Keep in mind that some EPP features are now bundled into operating systems. For example, full disk encryption is now available free as part of the operating system. In some cases you need to manage these OS-level capabilities separately, but that weighs against an expensive renewal which doesn’t effectively protect endpoints.

Finally, consider price. Pretty much every enterprise tells us they want to reduce the number of security solutions they need. And supporting multiple agents and management consoles to protect endpoints doesn’t make much sense. In your drive to consolidate, play off aggressive new EAP vendors against desperate incumbents willing to perform unnatural acts to keep business.


Endpoint protection has been a zero-sum game for a while. Pretty much every company has some kind of endpoint protection strategy. So every deal that one vendor wins is lost by at least one competitor. Vendors make it very easy to migrate to their products by providing tools and services to facilitate the transition. Of course you need to verify what’s involved in moving wholesale to a new product, but the odds are it will be reasonably straightforward.

Many new EAP tools are managed in the cloud. Typically that saves you from needing to install an onsite management server to test and deploy. This makes things much easier and facilitates migration – employees can connect to a cloud-based software installation/distribution engine, without needing to bring devices to HQ for upgrades. Some organizations still resist cloud-based management; if this sounds like you, you’ll want to check with the vendor to ensure they can support on-premise installation.

Finally, when planning the migration you need to consider which security functions should be implemented on each category of devices, as defined by the risk they pose. Earlier in this series we talked about categorizing devices into risk buckets, and implementing controls based on the risk they present. You can install or enable different EAP modules depending on the needs of the employee or device.

The vendor may well make it worth your while to license all their capabilities on all your devices. There is nothing wrong with that, if the price is right. But do not consider only purchase price – keep in mind the total cost of managing the various capabilities across all your devices. Also consider the impact on employees in terms of device performance and user experience. Not every device needs application whitelisting, for example. Or EDR, given the challenge of moving endpoint telemetry across the network.


Finally, any new EAP offering needs to play nice with existing enterprise security tools. Here are a few, with their integration points.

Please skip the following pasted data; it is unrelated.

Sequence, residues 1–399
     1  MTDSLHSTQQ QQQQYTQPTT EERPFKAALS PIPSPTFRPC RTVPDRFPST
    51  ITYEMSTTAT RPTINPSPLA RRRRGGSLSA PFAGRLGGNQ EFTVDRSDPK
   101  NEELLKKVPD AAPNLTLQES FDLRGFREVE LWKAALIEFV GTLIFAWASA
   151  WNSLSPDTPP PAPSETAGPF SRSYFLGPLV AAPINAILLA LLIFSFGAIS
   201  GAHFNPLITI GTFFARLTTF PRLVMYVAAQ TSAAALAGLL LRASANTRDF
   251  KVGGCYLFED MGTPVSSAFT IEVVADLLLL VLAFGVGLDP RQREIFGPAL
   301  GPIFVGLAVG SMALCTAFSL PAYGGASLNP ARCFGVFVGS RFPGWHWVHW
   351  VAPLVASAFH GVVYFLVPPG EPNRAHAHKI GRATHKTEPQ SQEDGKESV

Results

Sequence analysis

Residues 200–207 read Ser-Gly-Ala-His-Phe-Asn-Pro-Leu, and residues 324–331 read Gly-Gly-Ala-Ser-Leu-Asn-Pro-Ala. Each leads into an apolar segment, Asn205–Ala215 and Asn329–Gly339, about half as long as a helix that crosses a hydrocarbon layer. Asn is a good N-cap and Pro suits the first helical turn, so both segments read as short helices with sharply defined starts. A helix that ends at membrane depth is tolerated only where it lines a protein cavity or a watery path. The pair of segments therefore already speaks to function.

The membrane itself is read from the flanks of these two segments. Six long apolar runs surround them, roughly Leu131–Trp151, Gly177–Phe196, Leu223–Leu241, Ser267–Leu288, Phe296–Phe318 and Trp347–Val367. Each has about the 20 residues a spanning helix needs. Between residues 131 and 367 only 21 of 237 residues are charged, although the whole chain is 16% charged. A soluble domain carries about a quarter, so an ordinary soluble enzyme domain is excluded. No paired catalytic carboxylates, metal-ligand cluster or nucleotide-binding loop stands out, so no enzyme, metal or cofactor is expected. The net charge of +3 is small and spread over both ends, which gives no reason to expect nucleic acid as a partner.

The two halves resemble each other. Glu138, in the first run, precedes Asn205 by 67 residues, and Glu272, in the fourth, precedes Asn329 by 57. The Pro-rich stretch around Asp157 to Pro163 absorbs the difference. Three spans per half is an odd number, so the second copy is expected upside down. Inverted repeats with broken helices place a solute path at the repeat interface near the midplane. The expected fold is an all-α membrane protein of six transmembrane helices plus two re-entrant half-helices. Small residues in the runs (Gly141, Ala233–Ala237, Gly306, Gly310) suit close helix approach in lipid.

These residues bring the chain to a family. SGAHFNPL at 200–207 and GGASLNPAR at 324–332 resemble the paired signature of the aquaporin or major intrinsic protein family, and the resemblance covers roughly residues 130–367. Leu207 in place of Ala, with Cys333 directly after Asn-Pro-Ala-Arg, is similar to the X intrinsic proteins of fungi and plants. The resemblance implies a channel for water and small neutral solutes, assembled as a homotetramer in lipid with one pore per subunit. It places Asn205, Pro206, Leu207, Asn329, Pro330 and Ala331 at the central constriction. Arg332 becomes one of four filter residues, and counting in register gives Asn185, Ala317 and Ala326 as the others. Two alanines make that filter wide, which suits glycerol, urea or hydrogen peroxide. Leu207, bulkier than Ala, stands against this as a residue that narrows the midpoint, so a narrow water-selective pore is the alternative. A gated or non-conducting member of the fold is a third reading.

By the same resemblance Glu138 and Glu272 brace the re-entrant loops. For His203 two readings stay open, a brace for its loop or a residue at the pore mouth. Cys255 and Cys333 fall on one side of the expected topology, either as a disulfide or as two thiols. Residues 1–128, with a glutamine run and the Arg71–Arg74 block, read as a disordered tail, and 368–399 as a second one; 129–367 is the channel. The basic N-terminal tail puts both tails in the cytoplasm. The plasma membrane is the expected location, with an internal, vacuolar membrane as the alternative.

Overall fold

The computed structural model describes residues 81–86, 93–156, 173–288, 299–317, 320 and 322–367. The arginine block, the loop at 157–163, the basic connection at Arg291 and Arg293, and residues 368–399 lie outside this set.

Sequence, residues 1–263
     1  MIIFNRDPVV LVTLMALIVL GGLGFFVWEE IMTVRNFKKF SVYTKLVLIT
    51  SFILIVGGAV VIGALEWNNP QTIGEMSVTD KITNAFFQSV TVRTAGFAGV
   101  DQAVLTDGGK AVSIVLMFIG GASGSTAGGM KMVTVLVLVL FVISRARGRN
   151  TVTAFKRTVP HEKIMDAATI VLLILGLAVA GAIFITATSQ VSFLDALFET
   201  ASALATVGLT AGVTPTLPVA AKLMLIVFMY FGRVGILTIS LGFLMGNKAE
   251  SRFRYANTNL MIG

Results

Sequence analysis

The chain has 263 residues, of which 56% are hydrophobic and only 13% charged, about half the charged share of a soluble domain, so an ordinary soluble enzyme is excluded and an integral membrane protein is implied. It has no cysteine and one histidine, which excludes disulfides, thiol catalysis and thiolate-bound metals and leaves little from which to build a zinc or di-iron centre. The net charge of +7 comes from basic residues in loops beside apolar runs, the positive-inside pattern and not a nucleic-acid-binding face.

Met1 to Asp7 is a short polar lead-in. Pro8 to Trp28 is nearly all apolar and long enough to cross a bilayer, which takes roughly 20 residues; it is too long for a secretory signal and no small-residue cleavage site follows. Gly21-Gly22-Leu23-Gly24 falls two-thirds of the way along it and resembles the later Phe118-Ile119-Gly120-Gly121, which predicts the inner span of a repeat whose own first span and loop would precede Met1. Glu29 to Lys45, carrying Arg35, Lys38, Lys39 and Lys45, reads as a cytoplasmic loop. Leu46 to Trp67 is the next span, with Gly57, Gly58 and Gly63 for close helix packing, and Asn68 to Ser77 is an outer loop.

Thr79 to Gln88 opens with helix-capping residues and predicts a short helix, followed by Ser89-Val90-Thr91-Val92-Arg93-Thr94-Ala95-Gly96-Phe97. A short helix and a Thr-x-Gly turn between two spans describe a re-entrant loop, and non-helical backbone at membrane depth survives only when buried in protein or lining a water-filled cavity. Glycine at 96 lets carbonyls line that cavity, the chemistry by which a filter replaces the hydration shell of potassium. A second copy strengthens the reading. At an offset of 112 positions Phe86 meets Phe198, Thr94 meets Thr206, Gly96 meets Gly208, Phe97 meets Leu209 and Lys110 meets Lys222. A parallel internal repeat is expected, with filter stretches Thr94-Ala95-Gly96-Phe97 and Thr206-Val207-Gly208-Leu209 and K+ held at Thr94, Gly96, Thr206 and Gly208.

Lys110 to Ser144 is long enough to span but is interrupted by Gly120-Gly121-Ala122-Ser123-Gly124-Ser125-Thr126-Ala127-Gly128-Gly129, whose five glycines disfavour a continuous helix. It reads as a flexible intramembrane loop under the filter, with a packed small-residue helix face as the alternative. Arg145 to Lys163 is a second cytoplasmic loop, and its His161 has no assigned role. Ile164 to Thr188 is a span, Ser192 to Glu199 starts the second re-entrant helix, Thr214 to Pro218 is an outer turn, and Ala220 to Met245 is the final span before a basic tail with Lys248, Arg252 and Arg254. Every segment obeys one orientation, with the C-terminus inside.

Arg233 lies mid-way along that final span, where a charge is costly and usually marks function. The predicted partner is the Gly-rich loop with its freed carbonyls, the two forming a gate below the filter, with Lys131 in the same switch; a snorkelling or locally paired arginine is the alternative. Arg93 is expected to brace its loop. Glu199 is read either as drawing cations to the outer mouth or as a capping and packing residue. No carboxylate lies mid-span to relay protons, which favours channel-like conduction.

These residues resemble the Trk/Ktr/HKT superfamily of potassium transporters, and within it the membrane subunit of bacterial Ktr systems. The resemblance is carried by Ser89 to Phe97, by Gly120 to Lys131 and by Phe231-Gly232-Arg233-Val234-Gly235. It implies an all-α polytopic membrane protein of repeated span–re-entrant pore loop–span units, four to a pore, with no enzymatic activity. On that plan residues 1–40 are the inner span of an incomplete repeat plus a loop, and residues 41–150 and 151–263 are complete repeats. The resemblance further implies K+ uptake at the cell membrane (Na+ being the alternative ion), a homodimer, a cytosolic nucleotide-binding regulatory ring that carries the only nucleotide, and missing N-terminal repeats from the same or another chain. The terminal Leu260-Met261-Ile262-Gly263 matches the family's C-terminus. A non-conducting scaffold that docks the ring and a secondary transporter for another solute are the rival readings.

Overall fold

• Network Controls: If you detect an attack on an endpoint and isolate the C&C (Command and Control) network it’s connecting to, wouldn’t it be great to automagically block that address so other devices don’t connect to that bot network? That’s why many EAP vendors also offer network security devices, or at least partner with those players to offer an integrated experience.
  • Security Monitoring/Analytics: An EAP product – especially EDR functionality – generates a bunch of telemetry which can be useful within your security monitoring environment. So the ability to send it directly to a SIEM or security analytics program helps leverage it in any analyses you perform.
  • Forensics/Case Management: If you can foresee a situation where you’ll want to prosecute an attacker, you need the ability to integrate with your existing case management product. This is about protecting the chain of custody of captured data, and allowing more sophisticated forensics tools to use endpoint data to better determine what malware does to a device.
  • Operations Platform: Finally, we need to highlight potential integration with an IT ops platform, especially as it relates to endpoint hygiene and asset management. An EAP products gathers much more detailed device data, which can be very useful to Operations.

Security is too complicated for any tool to stand on its own, so any EAP offering’s ability to send and receive data, to and from your other security tools, is a key selection criteria.

With that we have run through the Endpoint Advanced Protection lifecycle. At this point in time we see legitimate alternatives to the ineffective EPP products which have been holding you and your organization hostage for years. But before jumping in with both feet test the tool, plan and stage your migration, and most importantly implement a risk-based approach to protecting endpoints. There are many alternatives for protecting devices, so it’s more important than ever to match your security controls to the risk presented by the device.